Pubdate: Mon, 27 Oct 2014
Source: Baltimore Sun (MD)
Copyright: 2014 The Baltimore Sun Company
Author: Joseph B. McNeely
Page: 14


The Central Baltimore Partnership, a federation of more than 60 
organizations dedicated to the renaissance of Central Baltimore, 
commends Mayor Stephanie Rawlings-Blake for forming a task force that 
will spend the next nine months studying heroin and substance abuse 
in Baltimore while developing new ideas about how the city can better 
coordinate treatment options ("Mayor appoints task force to study 
heroin, substance abuse," Oct. 14).

For the past year and a half, a CBP task force has been considering 
similar issues in the Central Baltimore area. Known as the Saturation 
of Metropolitan Service Agencies (SMSA) task force, it was formed to 
address the high concentration of methadone clinics, drug treatment 
facilities and other social services providers located in the 
neighborhoods of Old Goucher, Charles North and Charles Village.

Our aim is to ameliorate the impact on quality-of-life issues through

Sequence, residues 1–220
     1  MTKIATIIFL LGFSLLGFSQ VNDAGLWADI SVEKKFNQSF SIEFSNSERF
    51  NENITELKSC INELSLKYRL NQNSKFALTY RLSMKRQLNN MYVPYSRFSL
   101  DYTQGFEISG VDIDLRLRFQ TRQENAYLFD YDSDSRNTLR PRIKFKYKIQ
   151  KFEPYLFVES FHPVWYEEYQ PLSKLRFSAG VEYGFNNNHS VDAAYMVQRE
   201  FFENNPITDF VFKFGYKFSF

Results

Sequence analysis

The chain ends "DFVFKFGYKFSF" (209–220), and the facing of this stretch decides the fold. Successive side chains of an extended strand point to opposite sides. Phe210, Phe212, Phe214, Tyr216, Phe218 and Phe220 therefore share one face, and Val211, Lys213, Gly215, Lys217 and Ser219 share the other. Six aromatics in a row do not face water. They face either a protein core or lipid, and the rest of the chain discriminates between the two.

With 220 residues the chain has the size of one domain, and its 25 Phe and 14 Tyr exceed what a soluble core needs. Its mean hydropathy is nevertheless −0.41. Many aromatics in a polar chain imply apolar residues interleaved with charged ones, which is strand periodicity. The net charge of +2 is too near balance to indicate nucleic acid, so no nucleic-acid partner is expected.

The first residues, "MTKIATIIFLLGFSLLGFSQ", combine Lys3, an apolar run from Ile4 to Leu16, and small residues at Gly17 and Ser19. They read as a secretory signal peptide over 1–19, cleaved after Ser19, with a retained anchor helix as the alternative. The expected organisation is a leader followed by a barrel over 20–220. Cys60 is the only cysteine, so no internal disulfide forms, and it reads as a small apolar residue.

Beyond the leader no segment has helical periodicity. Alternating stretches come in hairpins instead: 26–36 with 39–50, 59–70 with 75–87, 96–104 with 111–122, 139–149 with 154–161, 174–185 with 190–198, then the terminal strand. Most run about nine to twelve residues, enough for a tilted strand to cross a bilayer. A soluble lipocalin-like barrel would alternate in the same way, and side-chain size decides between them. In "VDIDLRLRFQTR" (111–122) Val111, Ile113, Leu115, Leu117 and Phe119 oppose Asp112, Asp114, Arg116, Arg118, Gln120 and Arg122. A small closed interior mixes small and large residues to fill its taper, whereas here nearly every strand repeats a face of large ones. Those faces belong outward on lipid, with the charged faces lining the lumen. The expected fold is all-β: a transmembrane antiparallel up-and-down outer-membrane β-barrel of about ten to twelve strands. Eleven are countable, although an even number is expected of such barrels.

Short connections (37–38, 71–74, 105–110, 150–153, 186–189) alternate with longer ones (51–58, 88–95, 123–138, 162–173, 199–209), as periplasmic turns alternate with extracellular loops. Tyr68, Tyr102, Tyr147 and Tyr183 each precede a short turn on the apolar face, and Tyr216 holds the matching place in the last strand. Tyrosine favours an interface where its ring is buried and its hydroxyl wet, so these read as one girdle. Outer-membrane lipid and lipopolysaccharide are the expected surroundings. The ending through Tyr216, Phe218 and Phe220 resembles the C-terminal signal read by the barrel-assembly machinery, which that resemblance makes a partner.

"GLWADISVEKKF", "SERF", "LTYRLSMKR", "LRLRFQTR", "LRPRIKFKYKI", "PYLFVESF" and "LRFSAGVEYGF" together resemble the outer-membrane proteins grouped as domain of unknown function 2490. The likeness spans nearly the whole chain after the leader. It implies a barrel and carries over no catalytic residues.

"good neighbor agreements" with local social services providers and 
to prevent further saturation. It is important to note that while we 
have opposed making Central Baltimore, or any other area of the city, 
a treatment magnet, the task force strongly supports offering 
services to neighborhood residents near where they live, which will 
improve treatment outcomes while strengthening communities.

We feel that a citywide approach, where treatment facilities were 
more evenly distributed throughout Baltimore, could be a great help 
in both reducing the impact on saturated areas, and providing better 
services to those in need. We look forward to giving voice to our 
perspective on the mayor's new task force.

Joseph B. McNeely, Baltimore The writer is executive director of the 
Central Baltimore Partnership.
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